Focus on making work meaningful, help people see how they contribute to the purpose and make a difference. Just like in the famous story about the NASA janitor who was asked by a reporter what his job was – and he explained that his job was to help put people in space. He could truly see how he made a difference to the overall purpose, making others’ lives/jobs easier by taking good care of the facilities.

Continuously communicate the journey you are all on together as a team/organisation. Lead change in the context of purpose, help people see why change happens and how it contributes to the purpose and their ability to make a difference.

Habit 3: Grow Collective Intelligence

Build the organisation’s collective intelligence. Be intentional about bringing people together for creative dialogue and innovation. Driving product innovation is another of the top CEO challenges reported by DDI in their Global Leadership Forecast.

50% of CEOs say driving new product innovation is a top challenge

Help people learn from each other and create together, seeing that they do truly matters.

Use AI to free up human intelligence for more creative purposes, making work more meaningful.

Be a role model for inclusion and non-bias. Unconscious bias is very human – it’s the mental shortcuts our brain takes. Keep challenging yourself to truly include everyone, regardless of where they work from or any other aspects of diversity.

And keep asking yourselves: How can we work smarter, not harder? Have a continuous dialogue around that!

Habit 4: Make the hybrid work

As we’ve talked about in previous articles – figure out how to work in the new hybrid set up and involve all those impacted.

Create a Team Charter, an agreement on how to work together. This needs to include discussions and agreements on when people need to be together, for what purpose and how often – and when they can be online. Clearly figuring out these important ‘in-person or not’ aspects or work is very impactful.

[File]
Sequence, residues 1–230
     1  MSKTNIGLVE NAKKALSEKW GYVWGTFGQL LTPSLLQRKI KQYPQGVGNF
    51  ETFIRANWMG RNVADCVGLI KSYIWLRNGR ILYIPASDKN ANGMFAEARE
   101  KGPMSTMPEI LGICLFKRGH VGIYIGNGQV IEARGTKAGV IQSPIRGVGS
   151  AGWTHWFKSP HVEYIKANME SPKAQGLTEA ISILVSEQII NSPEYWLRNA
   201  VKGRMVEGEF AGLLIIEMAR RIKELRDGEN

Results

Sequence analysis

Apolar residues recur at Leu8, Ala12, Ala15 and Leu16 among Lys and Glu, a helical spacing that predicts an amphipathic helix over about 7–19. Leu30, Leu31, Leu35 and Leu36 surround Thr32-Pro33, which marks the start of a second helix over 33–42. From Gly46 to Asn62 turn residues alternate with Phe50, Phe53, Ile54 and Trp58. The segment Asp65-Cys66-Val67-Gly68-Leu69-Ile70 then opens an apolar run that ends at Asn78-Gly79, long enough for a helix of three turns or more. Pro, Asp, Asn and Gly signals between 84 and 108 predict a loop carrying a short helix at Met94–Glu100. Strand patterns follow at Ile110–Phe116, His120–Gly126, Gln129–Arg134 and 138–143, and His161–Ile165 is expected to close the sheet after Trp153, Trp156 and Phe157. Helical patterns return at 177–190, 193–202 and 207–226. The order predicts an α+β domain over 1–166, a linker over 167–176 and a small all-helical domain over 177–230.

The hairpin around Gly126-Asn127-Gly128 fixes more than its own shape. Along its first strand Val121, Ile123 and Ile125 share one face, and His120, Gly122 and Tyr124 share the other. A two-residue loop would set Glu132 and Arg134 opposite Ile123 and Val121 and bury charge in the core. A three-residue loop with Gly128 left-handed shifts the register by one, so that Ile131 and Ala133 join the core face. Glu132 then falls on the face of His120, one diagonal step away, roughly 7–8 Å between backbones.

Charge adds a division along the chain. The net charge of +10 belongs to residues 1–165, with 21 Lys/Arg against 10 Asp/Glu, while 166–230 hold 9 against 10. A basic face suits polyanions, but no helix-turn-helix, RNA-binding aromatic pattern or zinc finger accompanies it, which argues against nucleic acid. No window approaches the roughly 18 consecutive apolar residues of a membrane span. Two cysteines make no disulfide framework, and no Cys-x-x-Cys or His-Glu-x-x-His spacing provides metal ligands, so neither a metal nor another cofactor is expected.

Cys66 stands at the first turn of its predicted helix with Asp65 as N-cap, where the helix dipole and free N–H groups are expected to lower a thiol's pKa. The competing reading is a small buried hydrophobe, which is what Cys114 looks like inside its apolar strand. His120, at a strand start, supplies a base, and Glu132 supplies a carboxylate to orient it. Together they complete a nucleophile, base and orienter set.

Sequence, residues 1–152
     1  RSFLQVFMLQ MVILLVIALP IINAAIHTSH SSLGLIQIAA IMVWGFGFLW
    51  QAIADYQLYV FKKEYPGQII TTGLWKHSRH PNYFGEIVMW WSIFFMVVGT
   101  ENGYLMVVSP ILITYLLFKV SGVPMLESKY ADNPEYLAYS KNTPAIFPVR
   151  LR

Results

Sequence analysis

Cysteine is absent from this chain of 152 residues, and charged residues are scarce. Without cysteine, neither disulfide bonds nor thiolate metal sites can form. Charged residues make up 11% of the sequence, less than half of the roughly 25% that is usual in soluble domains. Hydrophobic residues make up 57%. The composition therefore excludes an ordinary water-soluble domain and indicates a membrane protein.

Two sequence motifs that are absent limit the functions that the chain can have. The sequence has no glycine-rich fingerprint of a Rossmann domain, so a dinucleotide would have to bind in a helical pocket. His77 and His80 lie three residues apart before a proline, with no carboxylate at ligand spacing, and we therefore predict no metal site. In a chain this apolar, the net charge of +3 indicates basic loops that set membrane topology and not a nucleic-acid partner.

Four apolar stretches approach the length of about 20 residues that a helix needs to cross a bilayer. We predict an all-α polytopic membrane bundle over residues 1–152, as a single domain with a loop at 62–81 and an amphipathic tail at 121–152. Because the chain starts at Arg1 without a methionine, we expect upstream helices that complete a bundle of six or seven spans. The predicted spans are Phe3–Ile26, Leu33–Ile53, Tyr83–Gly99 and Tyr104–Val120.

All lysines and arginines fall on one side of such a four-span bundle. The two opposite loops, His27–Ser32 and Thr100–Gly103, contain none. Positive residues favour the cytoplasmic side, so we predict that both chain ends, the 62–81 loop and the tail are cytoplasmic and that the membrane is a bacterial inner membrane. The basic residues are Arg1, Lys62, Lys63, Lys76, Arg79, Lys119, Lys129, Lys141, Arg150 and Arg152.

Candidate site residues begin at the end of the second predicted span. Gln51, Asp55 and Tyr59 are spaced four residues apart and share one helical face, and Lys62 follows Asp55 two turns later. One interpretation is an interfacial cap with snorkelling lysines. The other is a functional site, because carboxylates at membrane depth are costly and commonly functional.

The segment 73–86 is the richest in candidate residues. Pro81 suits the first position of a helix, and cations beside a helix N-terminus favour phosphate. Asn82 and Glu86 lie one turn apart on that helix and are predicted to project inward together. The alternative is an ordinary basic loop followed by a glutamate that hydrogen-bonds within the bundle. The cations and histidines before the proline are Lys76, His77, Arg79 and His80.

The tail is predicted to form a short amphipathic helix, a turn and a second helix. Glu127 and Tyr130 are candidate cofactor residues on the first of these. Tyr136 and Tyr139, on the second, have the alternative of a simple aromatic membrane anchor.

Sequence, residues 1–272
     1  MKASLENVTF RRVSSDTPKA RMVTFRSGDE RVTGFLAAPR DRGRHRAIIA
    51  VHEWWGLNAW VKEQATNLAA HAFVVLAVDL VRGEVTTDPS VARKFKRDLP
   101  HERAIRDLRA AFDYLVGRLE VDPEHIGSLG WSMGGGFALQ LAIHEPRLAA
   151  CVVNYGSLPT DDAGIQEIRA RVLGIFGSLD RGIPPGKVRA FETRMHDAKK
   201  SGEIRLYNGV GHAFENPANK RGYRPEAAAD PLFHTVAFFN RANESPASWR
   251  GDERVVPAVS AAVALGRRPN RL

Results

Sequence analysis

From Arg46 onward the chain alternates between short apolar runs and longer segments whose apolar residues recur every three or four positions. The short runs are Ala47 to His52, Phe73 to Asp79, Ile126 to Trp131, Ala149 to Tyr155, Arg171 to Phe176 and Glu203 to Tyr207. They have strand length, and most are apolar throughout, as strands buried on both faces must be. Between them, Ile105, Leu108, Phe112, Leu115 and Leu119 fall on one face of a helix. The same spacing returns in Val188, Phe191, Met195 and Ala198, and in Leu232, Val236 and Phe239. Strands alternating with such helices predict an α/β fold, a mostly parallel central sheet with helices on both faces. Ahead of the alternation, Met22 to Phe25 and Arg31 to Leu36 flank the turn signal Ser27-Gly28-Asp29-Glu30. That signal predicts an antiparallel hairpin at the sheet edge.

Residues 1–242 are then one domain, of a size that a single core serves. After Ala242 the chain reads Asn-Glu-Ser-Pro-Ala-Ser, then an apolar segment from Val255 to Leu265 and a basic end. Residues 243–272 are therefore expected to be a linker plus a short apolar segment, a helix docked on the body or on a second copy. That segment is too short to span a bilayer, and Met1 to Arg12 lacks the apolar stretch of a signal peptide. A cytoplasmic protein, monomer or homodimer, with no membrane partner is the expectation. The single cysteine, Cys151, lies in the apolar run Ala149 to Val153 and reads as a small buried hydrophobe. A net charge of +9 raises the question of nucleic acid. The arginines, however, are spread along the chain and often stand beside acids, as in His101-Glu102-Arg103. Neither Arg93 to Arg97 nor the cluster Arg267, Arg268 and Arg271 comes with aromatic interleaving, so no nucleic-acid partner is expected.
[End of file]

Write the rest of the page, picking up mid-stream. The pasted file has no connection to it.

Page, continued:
Make it easy to communicate and collaborate – agree tools and forums for communication and collaboration (what gets communicated how and where).

Promote a healthy home/work integration, where people log off a certain time even if working from home. One way of role modelling that can be to not send emails out of work hours for example.

Give people as much flexibility as is possible, while considering the impact on all stakeholders.

A client we recently worked with had been working from home for quite a while and hadn’t quite realised the important role that also he had when it comes to shaping the culture, building collaborative relationships, creating a sense of belonging and driving innovation. As a result of talking about it as a company, he decided to show up in the office at regular intervals. Not because he had to, but because he wanted to – he saw that it was meaningful and valuable for all of them.

AND REPEAT.

This is an ongoing, ever-evolving process – keep trying out solutions, evaluating and adjusting.

Keep having the dialogue, keep asking the questions that matter – like

  • How is our purpose evolving?
  • What do people need?
  • How can we work smarter, not harder?
  • And how can we make this the best place to work?

Author: Mandy and Elisabet